On public display

I’m only guessing really, but I think the job of selling things has changed. I imagine that back in the days of no-cell-phones, office salespeople were tethered to their desks by curly phone cords, perhaps ensconced in their own offices — or at the very least, segregated to a section of the building that contained nothing but other salespeople. All I can tell you for sure is that, thanks to mobile telephony, they are free now. Salespeople are thoroughly spread across their office buildings, like the marbled fat of a fine piece of beef.

And beyond the office buildings, they have inserted themselves into every location that people may gather, always selling, selling, selling. Sometimes yelling about selling. Or yelling to sell, or something.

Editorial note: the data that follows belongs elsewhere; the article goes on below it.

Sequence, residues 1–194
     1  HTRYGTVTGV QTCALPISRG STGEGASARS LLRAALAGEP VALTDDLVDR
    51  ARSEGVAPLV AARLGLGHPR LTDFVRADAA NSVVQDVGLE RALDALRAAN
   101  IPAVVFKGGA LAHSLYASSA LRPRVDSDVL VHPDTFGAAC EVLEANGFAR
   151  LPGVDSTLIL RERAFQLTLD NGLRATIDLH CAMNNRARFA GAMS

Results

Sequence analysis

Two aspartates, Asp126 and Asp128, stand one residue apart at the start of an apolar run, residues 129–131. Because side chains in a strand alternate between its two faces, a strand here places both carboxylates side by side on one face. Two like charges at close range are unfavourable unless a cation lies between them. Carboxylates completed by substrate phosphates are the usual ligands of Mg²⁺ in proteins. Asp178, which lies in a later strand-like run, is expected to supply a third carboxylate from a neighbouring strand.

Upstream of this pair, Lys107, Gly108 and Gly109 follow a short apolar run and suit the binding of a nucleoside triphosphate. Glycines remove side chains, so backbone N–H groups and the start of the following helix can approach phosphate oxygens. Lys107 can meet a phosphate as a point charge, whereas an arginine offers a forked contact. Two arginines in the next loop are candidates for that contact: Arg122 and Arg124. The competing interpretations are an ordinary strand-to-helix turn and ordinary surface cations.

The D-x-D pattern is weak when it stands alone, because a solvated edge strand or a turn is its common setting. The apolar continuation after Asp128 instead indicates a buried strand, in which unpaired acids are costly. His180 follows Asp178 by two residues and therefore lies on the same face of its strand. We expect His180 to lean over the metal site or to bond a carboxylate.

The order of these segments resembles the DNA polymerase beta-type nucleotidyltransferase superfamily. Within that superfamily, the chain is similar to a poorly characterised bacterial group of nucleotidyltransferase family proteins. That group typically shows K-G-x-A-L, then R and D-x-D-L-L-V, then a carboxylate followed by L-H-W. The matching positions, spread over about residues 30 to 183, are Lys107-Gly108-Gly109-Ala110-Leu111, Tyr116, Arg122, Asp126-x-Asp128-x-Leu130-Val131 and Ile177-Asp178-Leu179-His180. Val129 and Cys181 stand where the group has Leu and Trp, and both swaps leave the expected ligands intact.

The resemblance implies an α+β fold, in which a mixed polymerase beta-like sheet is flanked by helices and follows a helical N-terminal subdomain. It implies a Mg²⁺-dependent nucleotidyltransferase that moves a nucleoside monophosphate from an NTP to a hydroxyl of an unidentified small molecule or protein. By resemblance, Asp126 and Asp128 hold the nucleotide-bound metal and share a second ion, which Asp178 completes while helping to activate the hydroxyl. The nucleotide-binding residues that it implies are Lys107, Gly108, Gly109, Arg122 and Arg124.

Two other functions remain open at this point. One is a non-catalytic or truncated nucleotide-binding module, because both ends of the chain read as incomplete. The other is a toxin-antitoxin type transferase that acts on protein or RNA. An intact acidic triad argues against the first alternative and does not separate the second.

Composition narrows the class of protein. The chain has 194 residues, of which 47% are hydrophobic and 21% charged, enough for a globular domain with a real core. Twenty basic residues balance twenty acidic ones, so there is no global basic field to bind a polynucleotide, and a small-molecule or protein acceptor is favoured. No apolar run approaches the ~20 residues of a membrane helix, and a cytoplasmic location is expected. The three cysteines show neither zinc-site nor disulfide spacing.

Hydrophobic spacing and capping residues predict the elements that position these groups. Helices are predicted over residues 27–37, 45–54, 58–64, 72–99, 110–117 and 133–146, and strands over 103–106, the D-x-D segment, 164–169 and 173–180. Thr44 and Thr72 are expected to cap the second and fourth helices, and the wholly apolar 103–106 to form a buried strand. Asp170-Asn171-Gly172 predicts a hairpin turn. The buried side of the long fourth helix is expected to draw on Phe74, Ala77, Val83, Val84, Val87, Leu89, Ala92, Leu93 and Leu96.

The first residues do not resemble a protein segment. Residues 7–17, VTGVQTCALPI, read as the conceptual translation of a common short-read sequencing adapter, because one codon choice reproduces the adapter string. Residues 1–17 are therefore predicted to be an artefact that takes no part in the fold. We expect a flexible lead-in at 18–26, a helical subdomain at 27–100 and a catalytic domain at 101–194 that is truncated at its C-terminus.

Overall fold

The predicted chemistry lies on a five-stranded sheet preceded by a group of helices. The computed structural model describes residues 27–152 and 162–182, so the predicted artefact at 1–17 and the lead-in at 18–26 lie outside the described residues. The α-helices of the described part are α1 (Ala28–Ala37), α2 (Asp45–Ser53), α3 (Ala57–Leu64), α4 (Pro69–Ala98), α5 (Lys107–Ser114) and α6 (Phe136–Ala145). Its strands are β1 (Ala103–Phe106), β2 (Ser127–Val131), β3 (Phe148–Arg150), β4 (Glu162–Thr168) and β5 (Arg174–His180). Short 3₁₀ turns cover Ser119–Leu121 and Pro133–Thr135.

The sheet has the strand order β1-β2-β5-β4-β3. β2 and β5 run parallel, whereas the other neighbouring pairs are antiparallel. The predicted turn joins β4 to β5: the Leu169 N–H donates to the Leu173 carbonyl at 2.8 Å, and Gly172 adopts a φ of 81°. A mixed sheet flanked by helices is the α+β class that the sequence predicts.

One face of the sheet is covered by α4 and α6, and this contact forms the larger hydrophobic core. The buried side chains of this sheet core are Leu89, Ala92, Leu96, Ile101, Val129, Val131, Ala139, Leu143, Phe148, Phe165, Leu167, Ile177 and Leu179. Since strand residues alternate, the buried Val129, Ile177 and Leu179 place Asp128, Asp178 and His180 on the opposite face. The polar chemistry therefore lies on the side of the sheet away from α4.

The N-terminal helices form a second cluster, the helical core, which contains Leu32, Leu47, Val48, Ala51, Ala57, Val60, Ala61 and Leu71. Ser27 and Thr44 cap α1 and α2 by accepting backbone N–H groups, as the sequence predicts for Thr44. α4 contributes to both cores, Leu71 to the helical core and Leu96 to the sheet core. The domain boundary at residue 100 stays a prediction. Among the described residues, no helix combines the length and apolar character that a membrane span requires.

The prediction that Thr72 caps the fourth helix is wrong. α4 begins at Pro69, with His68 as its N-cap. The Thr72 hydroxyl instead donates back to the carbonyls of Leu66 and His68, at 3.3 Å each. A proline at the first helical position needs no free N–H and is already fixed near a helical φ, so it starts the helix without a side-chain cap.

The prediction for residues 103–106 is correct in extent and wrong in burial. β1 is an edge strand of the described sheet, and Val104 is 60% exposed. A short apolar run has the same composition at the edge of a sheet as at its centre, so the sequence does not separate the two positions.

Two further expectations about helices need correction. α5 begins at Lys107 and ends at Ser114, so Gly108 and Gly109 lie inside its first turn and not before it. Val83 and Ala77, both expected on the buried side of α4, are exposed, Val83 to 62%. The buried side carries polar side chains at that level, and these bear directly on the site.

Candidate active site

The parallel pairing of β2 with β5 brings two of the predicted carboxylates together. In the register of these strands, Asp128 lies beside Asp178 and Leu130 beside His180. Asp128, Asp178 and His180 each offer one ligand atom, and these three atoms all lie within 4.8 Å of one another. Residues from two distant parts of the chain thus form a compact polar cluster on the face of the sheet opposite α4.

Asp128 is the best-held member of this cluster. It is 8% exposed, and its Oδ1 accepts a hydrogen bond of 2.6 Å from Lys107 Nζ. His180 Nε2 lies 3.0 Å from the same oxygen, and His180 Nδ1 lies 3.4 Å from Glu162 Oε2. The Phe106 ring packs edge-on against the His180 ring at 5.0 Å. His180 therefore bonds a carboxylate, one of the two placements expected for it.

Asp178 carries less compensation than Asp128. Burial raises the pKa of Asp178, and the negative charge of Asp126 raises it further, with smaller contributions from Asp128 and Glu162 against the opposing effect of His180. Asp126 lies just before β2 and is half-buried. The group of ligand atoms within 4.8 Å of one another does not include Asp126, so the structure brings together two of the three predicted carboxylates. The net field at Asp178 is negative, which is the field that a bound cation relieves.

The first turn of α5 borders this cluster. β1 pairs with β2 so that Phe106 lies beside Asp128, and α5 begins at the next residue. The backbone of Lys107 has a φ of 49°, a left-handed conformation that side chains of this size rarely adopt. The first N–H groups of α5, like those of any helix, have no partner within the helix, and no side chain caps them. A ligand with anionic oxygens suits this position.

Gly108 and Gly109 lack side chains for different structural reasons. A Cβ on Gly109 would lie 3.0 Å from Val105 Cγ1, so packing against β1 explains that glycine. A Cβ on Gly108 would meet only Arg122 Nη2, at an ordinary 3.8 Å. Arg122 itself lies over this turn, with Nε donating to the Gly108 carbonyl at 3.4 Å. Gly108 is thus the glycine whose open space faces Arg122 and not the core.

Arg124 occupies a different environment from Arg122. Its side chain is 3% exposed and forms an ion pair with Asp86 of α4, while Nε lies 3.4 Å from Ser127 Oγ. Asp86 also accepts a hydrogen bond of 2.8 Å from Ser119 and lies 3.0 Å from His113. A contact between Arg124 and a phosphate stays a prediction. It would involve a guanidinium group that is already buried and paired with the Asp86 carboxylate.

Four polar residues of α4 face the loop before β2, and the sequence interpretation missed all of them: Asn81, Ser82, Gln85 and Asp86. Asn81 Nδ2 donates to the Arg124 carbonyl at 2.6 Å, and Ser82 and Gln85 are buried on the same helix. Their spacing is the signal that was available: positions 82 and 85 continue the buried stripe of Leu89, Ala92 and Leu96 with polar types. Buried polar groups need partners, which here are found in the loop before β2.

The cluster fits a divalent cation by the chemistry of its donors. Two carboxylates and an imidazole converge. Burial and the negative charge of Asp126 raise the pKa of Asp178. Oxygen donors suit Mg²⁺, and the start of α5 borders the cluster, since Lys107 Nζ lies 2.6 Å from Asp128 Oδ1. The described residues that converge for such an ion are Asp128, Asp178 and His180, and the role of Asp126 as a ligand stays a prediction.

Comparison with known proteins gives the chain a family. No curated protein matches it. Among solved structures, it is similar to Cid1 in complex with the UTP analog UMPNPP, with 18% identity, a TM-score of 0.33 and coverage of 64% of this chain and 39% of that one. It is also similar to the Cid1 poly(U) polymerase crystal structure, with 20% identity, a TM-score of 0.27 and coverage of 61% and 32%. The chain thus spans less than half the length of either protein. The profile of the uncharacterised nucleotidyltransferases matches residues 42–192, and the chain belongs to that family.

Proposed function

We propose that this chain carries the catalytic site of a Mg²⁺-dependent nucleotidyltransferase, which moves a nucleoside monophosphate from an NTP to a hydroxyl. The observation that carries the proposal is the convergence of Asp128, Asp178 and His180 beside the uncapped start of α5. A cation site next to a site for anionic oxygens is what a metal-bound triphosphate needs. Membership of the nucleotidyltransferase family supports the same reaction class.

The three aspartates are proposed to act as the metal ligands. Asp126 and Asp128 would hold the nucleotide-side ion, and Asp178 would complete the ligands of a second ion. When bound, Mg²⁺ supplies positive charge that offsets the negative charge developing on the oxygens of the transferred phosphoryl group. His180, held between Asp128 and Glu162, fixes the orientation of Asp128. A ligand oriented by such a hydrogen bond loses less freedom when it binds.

And you can tell when the call is going badly, oh yes indeed. Listen as they try to politely interrupt (as if such a thing were possible) when they feel their grip on the conversation starting to slip. Observe how they start talking faster and faster as they anticipate and attempt to forestall any number of questions, until they turn into a steamroller made of words, trying to stamp flat any objections that might prevent their target from signing on the dotted line (so to speak).

Perhaps that description sounds pathetic. I don’t mean it that way, not really. Interruptions and bulldozing are tools of the trade, the metaphorical hammer and tongs of a noble, valorous trade. Er, I mean, it’s a trade at least, you have to give me that, right? After all, someone has to extract money from people on behalf of their indistinguishable product, right?

Although I find it a little unseemly — or even gross — that they do their thing in public. It’s the same with jugglers. Take it inside, people can see you for crying out loud!

On public display

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